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Government investment of £30m needed in training to boost electric vehicle sales, report warns

Greater investment is needed in specialist electric and hybrid vehicle maintenance and repair training by 2020 or the UK economy could miss out on £51 billion a year.

This is the finding of a new report written by Professor Jim SakerDirector of the Centre for Automotive Management at Loughborough University, which was commissioned by the Institute of the Motor Industry (IMI). It warns the Government to make a £30 million cash injection in the upskilling of thousands of maintenance and repair technicians in the UK retail motor industry, in order to safely support the growth of future car technology.

Professor Saker also says the Government will need to spend more of the £600 million it has set aside to promote the uptake of low emission vehicles, on charging infrastructure across the whole of the UK. He adds that the £40 million currently allocated to just four cities is inadequate to meet air quality and emission targets, and the Chancellor’s goal of every new car and van being ultra-low emission by 2040.

The report, On the Road to Sustainable Growth, shows how the UK car market is experiencing dramatic changes with plug-in hybrid sales more than doubling and pure electric vehicles increasing 50% in 2015. The report points out that this growth will soon impact on small businesses that will struggle to make the investment needed to provide consumers with choice and value for money.

Professor Saker also points to a serious health and safety issue with unskilled mechanics attempting to work on machines with 600 volts coursing through them.

With over 90% of independent garages saying they would need to retrain existing technicians to undertake work on these vehicles; it’s clear that unless a proactive strategy is undertaken, the UK will not be able to support the growth of future car technology safely.

Professor Saker suggests the Government introduce a license to practice in order to drive investment in the necessary training and make it illegal for untrained technicians to work on electric and hybrid vehicles.

“Anyone working on these high voltage vehicles needs to be properly trained, accredited and licensed,” he said.

“To achieve this, our government needs to introduce or approve a scheme similar to the one we have in place for those working on gas boilers (Gas Safe Register), and the IMI’s Professional Register is a ready-made solution.  More also needs to be done to ensure that the physical infrastructure keeps pace with the rapidly increasing demand for these new technologies, which have the potential to generate a large number of jobs going forward.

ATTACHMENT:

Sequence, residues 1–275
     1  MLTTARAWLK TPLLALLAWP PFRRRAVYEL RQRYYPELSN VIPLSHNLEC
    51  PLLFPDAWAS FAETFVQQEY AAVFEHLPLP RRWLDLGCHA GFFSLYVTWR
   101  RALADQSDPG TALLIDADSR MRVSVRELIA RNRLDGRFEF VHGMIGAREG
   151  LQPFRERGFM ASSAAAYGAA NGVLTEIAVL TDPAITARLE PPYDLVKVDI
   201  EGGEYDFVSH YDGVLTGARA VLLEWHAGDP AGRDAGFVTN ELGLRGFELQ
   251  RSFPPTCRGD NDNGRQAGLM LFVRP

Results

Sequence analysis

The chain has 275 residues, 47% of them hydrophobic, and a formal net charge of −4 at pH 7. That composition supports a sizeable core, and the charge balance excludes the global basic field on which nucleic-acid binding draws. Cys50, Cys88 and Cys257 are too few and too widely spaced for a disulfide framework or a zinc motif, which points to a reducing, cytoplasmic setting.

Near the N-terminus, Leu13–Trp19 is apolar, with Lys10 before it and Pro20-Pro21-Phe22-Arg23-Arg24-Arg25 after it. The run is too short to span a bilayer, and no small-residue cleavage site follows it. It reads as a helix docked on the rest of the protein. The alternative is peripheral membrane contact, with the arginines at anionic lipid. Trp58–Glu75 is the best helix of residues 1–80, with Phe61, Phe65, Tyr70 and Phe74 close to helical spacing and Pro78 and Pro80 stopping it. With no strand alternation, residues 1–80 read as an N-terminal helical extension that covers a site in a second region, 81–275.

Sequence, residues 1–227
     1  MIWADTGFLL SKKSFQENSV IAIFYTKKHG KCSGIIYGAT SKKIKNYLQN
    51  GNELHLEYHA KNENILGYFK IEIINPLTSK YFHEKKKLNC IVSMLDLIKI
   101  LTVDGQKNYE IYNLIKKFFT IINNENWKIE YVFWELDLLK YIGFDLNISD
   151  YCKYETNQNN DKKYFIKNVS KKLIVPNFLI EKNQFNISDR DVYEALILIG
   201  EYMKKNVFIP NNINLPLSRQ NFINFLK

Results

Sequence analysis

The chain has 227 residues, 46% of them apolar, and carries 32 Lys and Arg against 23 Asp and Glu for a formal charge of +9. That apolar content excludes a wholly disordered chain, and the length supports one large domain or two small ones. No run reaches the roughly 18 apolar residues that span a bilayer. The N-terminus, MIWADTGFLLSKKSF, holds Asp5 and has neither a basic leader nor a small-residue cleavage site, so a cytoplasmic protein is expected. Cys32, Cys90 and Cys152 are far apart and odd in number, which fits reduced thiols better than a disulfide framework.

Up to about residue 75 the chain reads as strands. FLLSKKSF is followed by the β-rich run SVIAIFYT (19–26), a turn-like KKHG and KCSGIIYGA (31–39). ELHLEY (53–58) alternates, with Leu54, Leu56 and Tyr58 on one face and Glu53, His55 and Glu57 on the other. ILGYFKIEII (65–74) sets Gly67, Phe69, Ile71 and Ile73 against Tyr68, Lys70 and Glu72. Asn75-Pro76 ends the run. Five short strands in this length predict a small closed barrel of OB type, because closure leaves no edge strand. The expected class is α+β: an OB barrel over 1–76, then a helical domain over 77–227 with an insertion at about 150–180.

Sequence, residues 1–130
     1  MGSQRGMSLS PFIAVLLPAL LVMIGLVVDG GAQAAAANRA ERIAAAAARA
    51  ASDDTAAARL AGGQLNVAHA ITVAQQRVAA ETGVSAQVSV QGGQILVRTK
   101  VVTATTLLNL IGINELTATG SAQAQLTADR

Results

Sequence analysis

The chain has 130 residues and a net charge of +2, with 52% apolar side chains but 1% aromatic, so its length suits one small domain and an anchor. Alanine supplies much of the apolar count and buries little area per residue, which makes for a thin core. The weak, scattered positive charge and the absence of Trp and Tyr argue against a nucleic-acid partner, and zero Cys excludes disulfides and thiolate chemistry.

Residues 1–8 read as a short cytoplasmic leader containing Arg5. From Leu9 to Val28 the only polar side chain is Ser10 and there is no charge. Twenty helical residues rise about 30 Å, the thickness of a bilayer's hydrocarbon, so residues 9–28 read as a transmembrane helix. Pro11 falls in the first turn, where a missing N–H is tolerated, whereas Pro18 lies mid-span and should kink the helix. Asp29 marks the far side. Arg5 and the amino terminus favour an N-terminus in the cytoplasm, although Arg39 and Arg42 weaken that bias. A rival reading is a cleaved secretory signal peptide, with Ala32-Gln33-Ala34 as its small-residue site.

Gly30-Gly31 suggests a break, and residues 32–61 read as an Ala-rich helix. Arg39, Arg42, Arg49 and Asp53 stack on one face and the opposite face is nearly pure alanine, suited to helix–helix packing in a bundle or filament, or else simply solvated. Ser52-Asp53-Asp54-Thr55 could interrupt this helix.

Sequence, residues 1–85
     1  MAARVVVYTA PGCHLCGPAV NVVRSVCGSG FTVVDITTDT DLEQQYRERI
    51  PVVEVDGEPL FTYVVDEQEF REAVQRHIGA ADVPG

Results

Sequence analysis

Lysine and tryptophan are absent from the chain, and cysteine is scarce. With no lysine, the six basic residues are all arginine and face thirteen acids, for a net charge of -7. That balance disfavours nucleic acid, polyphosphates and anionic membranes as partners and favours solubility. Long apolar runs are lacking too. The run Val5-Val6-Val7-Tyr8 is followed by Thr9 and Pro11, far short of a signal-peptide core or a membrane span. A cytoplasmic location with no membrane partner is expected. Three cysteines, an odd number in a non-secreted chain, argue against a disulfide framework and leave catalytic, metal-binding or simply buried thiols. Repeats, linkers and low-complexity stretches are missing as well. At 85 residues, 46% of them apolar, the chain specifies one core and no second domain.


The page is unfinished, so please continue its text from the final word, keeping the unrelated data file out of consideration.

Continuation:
“Apprenticeship recruitment in the automotive retail sector has been static in recent years. What we’re looking at now is a great opportunity to reenergise this sector by attracting more young people to work with these exciting, future oriented technologies.

“As an independent commentator with many years’ experience and knowledge of the automotive sector I can see that we are at a crossroad; the right initiatives now, along with some appropriate investment can certainly unlock the full potential that the new technologies are capable of contributing to our economy – calculated at £51 billion by 2030. However, we cannot achieve one without the other.”

Steve Nash, IMI CEO, said: “Electric plug-in hybrid and hybrid vehicles are no longer the future, they are here now, and the numbers are set to increase very rapidly over the next few years, with all manufacturers broadening their product offerings. The problem is that to the uninitiated they are just another car with some new technology, when in fact they are nothing like the cars we have all been driving up to now. 

“There are currently around 1,000 people qualified to work on high voltage electrics and they all work for the vehicle manufacturers, who will continue to train their own staff to meet demand.

“However, as the volumes of these new vehicles grow, there are thousands of other technicians that will be challenged to offer that kind of service, and without some sort of license requiring them to be properly trained and qualified, independent garages that make up 85% of the businesses operating in the service & repair sector will not invest in that kind of training. That means that their staff will either risk their lives working on unfamiliar systems that carry lethally high voltages, or they will simply refer everything back to the franchised dealers, reducing competition in the sector. I cannot imagine that either of these outcomes is likely to be palatable for the Government.”

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